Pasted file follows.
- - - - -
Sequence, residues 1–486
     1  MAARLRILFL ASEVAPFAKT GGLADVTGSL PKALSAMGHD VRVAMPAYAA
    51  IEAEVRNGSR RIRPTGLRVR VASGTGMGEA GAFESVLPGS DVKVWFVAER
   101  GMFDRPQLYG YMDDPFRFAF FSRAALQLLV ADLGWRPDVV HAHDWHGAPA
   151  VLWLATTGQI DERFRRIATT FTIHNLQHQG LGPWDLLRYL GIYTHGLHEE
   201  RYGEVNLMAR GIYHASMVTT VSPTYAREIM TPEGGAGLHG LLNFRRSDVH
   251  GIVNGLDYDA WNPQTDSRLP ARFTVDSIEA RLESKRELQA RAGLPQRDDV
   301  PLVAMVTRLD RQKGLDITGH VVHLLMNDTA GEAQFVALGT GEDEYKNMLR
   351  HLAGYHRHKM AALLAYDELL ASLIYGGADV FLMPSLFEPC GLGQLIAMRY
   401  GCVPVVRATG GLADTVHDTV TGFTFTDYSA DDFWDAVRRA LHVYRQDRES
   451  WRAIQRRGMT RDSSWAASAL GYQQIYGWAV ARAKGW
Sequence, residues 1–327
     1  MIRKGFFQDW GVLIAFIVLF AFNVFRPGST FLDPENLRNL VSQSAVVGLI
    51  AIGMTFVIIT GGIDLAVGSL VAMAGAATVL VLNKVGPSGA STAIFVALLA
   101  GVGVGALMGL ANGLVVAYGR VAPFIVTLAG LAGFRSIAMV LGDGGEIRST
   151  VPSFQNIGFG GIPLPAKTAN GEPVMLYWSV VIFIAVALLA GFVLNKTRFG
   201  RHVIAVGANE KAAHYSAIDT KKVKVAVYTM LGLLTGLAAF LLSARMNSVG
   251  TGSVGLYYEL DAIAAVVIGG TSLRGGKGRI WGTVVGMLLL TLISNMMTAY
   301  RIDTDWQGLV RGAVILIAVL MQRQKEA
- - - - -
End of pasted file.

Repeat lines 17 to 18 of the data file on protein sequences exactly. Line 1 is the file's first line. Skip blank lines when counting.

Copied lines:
   201  RHVIAVGANE KAAHYSAIDT KKVKVAVYTM LGLLTGLAAF LLSARMNSVG
   251  TGSVGLYYEL DAIAAVVIGG TSLRGGKGRI WGTVVGMLLL TLISNMMTAY